Homefront movie
7.25 out of 10
The Hunger Games: Catching Fire movie
8.75 out of 10
Disney's Frozen movie
10.0 out of 10
Delivery Man movie
6.75 out of 10
Thor
8.25 out of 10

Sunday, May 27, 2012

High School

Whut?

Rated: R  Some nudity, all involving teens, pervasive drugs and language and crude and sexual content
Release Date: June 1, 2012
Runtime:  1 hr 40 mins

Director: John Stalberg, Jr.
Writers: Erik Linthorst, John Stalberg Jr., Stephen Susco
Cast:  Adrien Brody, Michael Chiklis, Colin Hanks, Matt Bush, Sean Marquette, Adhir Kalyan, Michael Vartan, Curtis Armstrong, Yeardley Smith


SYNOPSIS: When valedictorian Henry take a hit of marijuana with former friend Travis in a fit of uncertainty and panic, he freaks out when he hears that the school principal has scheduled a school-wide drug screening the next day. To save his future, he must work with Travis to concoct and carry out a daring scheme to get the entire student body and faculty high.

REVIEW: John Stalberg, writer and director of High School and the 2005 Mr. Dramatic, he teams up on writing duties with Lemonade: Detroit writer Erik Linthorst and odd choice The Grudge and The Grudge 2 scribe Stephen Susco to attempt to create the next new stoner movie for a new generation, following in the foot steps of Dazed and Confused, Fast Highs at Ridgemont High, and Pineapple Express.
Soon to be high school senior valedictorian Henry Burke (Matt Bush, Adventureland) agonizes over every academic decision, desperate to be sure to be an attractive prospect for MIT. Former best friend current heavy stoner Travis Breaux (Sean Marquette, 13 Going on 30) takes it upon himself to hang with Henry to find out when and how their childhood friendship ended. Talking Henry into going back to a ramshackle tree house where they used to hang out and where they had hidden a 'time capsule' with all of their most treasured childhood knick knacks. Finding a joint, Travis tries to loosen Henry up by having him get baked on the joint. Meanwhile, tight-ass principal Gordon (Michael Chiklis, Eagle Eye) has had enough with stoners and miscreant behavior at his school under his rule. He decides to institute a school wide drug test the next day with the punishment of a positive urine sample being immediate expulsion. Hearing about this upcoming drug test on the news, Henry freaks out and spirals into a panic about his finals and the jeopardy of destroying his life's work with a few hits of a doobie. Travis concocts a plan to ruin the results of the drug test by stealing a potent synthetic drug called Keef from a genius, lawyer-turned-drug dealer Psycho Ed (Adrian Brody, Midnight in Paris), baking the powder into brownies to be used in place of the school moms' baked goods for the annual fundraiser sale on the day of finals and the drug tests. As the students and facility alike are enjoying the swapped batch of brownies, Travis and Henry must contend with the normally paranoid Principal Gordon, the enraged Psycho Ed, bad-tripping students and teachers, the looming drug test, and the questionable strength of their former friendship.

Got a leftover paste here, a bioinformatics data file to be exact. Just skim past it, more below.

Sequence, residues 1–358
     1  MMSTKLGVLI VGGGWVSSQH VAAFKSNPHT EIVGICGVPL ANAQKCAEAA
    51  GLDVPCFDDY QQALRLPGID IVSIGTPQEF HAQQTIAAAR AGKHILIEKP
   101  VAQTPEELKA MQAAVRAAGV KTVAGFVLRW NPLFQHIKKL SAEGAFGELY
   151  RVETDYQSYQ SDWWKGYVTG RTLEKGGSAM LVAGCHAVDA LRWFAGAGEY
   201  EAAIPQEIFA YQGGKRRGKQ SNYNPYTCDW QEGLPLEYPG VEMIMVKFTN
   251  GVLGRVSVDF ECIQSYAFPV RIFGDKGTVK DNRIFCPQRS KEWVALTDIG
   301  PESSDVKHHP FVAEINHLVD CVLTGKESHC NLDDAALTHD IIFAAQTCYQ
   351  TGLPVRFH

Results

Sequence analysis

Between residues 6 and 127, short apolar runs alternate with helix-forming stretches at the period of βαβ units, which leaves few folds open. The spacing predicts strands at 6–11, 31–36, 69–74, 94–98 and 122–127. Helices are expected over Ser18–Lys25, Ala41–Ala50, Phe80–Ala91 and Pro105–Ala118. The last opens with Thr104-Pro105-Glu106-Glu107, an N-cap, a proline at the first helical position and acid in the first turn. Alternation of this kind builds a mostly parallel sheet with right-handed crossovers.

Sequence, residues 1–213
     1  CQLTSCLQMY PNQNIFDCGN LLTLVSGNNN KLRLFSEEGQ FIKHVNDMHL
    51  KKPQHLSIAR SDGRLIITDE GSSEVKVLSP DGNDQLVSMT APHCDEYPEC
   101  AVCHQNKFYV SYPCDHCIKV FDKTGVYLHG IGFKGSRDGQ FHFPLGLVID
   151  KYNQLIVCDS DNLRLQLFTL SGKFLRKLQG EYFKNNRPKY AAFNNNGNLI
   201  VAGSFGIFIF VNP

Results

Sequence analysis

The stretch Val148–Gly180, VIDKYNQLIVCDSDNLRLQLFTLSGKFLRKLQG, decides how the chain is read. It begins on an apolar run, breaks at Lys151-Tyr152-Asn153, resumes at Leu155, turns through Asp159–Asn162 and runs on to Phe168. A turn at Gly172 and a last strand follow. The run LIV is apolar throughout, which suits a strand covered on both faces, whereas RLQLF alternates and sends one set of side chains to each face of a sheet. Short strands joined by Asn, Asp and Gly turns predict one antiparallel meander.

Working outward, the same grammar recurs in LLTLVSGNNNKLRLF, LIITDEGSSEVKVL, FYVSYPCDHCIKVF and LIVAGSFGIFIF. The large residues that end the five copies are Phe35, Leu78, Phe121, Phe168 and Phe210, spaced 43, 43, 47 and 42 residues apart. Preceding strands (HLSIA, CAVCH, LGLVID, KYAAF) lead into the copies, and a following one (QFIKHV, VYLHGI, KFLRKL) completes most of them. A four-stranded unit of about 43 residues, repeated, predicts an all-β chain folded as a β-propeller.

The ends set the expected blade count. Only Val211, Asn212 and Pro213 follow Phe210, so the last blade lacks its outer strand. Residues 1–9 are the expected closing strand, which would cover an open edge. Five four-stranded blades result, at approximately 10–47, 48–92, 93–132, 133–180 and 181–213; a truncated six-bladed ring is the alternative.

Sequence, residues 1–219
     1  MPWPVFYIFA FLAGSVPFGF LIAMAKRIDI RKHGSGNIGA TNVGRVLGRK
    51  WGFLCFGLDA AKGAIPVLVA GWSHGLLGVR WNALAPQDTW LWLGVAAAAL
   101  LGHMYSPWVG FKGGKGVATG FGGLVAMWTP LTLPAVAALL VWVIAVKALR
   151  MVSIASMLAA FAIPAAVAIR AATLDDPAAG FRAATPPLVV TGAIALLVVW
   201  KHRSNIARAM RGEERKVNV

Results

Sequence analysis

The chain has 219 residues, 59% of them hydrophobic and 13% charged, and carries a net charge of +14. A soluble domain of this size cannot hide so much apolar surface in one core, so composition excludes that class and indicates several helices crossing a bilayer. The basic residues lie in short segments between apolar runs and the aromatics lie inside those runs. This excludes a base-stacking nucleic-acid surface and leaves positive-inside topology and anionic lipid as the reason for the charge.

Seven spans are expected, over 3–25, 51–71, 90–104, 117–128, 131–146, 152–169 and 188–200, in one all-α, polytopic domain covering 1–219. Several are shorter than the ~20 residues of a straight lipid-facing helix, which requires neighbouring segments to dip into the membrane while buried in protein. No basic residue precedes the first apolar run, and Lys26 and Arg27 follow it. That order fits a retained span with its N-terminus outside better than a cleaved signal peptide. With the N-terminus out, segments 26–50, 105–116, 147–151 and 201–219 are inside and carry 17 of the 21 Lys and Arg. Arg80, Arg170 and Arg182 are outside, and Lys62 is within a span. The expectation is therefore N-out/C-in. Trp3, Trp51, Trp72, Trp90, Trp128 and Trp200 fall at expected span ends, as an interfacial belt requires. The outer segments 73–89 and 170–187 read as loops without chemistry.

Stalberg and team take a more modern approach to their stoner movie. With the advent of a new millennium the importance and obsession of superior high school grades to cement a positive future is as much an addiction as the pungent smell and smooth ride of a superior grade of grass. The puckered posterior and moral rigidity of Henry stands polar opposite of Travis' free-wheeling and low-key existence, but both are fueled by their own addictive obsessions. There are usually cliques in these films - nerds, jocks, stuck up beauties, and of course stoners - but this time the focus seems to be on the highest aspirations and the highest inhalations.